Japanese Journal of Audiovisual Education Study
Online ISSN : 2433-0884
Print ISSN : 0386-7714
ISSN-L : 0386-7714
A Fundamental Study on the Effects of Pictures in the Language (L2 English) Education : with a Special Reference to Graphic Devices
Reiko Hojo
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1994 Volume 24 Pages 37-46


In order to clarify the learning effects of pictures, some experiments have been conducted by the author. The results of the experiments showed that pictures, particulary photographs, helped reading comprehension of L2 English and that presenting pictures after reading English prose was more effective than presenting them before reading it. It was also found that a color picture did not improve reading comprehension of learneres. Based on the results of previous experiments, a variable of graphic devices, namely, an arrow, an underline or both them, was introduced in this study, since graphic devices can be most easily added to instructional materials, such as textbooks or courseware of L2 English language. The purpose of this study was to investigate if graphic devices in a picture (i.e. an arrow, an underline, and both of them) could enhance learning effects of reading English prose or not. As an instructional material, the prose passage, "A Strange Shopping Center" was selected from an English textbook for junior high school students. The passage consisted of about 300 words. One picture was chosen and three different types of pictures, namely a picture with an arrow, one with an underline and one with both an arrow and an underline. These cues marked the part of the picture that was considered to be important in relation to the content of the prose. The experiment was conducted in July of 1992 with 145 junior high school students in Niigata Prefecture, who were divided into four groups that were to use four differents types of learning materials, consisting of the three types of materials mentioned above, and the other was a picture which did not have any cue. As a pretest, the scores of a standardized test obtained from the junior high school were used. In the experiment, students read the passage and then looked at the picture. After this, they completed a posttest, which was actually a comprehension test. It included twelve factual questions and eight inferential questions. The subjects filled out a questionnaire with 15 items. About one week later, the subjects were given a retention test, the items of which were the same as those on the posttest, although they were presented in random order. First of all, ANOVA was conducted on the points of the pretest and no significant difference was found. Secondly, ANOVA was applied to the results of the posttest. The results proved that the main effect of cueing was significant in inferential questions. Thirdly, ANOVA was conducted on the results of thr retention test. The results showed that there were no significant differences both in factual and inferential items. Finally, the results of the questionnaire were analyzed using a chi-square test. The results showed that an arrow or an underline made subjects feel the questions more difficult and that learners using the material with both types of cueing showed most favorable attitudes toward each type of cueing. Based of these results, it was found that an arrow could improve reading comprehension, particularly inferential questions, and that it would be most desirable to add an arrow as a graphic device to a picture.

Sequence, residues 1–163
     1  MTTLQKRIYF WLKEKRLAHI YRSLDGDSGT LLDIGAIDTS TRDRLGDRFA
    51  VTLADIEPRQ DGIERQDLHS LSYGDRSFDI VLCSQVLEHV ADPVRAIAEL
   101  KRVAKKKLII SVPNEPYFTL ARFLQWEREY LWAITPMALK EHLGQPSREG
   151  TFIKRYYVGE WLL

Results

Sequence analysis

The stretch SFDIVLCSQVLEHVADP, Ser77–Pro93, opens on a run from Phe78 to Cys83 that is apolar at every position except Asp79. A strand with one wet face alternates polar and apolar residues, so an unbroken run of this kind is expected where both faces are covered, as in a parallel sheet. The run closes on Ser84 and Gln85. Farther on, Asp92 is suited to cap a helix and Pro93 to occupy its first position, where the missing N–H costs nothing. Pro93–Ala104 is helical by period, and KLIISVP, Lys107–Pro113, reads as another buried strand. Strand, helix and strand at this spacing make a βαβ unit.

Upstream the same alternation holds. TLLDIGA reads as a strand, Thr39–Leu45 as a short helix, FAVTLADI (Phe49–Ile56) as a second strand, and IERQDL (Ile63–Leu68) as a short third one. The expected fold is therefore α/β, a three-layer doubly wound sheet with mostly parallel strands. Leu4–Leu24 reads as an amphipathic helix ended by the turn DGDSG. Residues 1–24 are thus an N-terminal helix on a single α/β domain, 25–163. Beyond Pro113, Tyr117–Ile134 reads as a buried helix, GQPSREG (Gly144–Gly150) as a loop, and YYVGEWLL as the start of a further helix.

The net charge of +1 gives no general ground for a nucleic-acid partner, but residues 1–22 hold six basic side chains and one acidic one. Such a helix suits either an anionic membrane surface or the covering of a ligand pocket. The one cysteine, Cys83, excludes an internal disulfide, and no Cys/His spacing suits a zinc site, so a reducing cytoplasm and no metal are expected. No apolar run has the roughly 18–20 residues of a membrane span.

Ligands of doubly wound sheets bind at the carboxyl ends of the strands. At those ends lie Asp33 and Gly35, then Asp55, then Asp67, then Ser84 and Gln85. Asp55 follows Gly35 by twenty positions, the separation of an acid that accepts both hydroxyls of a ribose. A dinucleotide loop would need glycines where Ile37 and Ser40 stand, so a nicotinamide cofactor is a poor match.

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© 1994 Japan Association for Educational Media Study
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